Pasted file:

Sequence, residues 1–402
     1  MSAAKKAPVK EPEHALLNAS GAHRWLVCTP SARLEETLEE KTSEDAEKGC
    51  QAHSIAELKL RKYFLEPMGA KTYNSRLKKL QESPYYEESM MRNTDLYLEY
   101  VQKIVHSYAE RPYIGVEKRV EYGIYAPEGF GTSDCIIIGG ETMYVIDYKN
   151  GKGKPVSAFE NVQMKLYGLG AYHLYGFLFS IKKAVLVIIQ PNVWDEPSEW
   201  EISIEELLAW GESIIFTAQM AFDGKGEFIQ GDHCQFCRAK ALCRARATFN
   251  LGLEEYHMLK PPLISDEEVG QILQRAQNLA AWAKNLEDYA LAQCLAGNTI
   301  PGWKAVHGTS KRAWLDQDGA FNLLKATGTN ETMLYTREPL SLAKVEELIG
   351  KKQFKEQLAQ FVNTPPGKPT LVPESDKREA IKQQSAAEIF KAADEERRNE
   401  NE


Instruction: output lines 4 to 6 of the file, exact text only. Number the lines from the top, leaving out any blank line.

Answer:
   101  VQKIVHSYAE RPYIGVEKRV EYGIYAPEGF GTSDCIIIGG ETMYVIDYKN
   151  GKGKPVSAFE NVQMKLYGLG AYHLYGFLFS IKKAVLVIIQ PNVWDEPSEW
   201  EISIEELLAW GESIIFTAQM AFDGKGEFIQ GDHCQFCRAK ALCRARATFN